It’s Friday the 13th, and I thought I’d share one of my nightmares with you today – balancing card games!
Most of you don’t know yet that I’m working on a card game. Well, with a little help from another game designer, I am. I’m not quite ready to give out details, but we’ve tried a few games of it, a “pre-alpha” phase to test our ideas, just recently.
Balance became an issue, unsurprisingly.
It’s much harder to balance a card game than a roleplaying game. Why? Because in a roleplaying game, there’s a GM. Having someone who is working for the group and figuring out the story who everyone has fundamentally accepted is the correct conduit for the rules by even sitting down makes things much easier. You don’t have to worry about every possible scenario, you have a person who will ensure that things are done fairly and that no player will have a significant advantage over another.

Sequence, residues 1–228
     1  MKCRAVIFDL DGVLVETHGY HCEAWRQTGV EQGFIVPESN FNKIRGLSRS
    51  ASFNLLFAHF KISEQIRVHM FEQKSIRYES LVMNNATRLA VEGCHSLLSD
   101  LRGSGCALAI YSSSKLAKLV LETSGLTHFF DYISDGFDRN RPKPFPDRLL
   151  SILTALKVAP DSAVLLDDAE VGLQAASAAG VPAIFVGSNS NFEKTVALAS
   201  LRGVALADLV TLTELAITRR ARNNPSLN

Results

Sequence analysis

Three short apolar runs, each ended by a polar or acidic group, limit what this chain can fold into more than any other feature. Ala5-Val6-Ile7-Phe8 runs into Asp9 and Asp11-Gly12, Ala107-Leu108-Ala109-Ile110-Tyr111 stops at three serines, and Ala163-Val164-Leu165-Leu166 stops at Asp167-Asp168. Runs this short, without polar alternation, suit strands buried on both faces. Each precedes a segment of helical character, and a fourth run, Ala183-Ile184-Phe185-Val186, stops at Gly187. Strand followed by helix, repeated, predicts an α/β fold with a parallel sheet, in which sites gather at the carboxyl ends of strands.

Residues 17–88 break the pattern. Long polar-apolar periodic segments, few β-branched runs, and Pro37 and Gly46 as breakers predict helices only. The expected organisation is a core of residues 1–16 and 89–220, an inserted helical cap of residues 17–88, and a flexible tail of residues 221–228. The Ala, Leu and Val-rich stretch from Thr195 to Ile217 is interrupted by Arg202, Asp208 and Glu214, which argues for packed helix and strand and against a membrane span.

In a card game like the one I am designing (and this applies to most board games, too), every player is out for themselves. This means that everyone’s interpretation of the rules instantly becomes very subjective – they are looking for their own benefit, their own best chance to win.
As a result, much more time needs to be spent making sure every possible situation is balanced.
The one piece of good news in all this is that playtests take much less time and can be specifically arranged to test certain combinations of events. Unlike a roleplaying game with a good GM, the number of possible games is limited within pre-set parameters and, as a result, the rules are simpler overall.
They just have to be more prescriptive than what I’m used to writing for RPGs.
That’s what I learned over the weekend!